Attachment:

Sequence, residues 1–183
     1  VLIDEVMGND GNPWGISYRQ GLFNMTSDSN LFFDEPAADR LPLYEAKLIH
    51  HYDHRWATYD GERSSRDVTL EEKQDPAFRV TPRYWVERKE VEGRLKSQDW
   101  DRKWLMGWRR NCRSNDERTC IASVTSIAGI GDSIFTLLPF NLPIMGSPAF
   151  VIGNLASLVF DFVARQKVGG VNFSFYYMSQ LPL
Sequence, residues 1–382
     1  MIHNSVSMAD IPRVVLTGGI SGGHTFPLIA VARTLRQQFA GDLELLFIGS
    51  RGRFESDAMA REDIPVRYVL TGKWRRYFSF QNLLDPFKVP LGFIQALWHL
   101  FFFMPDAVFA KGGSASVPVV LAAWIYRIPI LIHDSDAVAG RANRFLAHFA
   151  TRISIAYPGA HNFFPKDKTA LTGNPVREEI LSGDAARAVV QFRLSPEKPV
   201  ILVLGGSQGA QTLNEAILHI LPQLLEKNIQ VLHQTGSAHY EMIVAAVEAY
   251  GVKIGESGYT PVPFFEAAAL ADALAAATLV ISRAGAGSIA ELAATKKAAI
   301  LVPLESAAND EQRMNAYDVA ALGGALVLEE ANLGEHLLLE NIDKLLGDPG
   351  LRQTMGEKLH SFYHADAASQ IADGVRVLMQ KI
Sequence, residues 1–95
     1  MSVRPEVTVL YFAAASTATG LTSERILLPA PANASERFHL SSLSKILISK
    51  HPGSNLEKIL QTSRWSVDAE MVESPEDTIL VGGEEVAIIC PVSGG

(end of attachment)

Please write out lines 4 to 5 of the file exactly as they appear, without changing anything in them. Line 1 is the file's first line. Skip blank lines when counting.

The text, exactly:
   101  DRKWLMGWRR NCRSNDERTC IASVTSIAGI GDSIFTLLPF NLPIMGSPAF
   151  VIGNLASLVF DFVARQKVGG VNFSFYYMSQ LPL